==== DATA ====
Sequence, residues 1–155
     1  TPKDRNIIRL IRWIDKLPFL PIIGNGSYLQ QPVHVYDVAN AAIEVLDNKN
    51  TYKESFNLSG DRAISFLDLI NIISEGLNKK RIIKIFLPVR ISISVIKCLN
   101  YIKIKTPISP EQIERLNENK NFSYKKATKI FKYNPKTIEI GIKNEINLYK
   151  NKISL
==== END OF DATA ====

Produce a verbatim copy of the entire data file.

Sequence, residues 1–155
     1  TPKDRNIIRL IRWIDKLPFL PIIGNGSYLQ QPVHVYDVAN AAIEVLDNKN
    51  TYKESFNLSG DRAISFLDLI NIISEGLNKK RIIKIFLPVR ISISVIKCLN
   101  YIKIKTPISP EQIERLNENK NFSYKKATKI FKYNPKTIEI GIKNEINLYK
   151  NKISL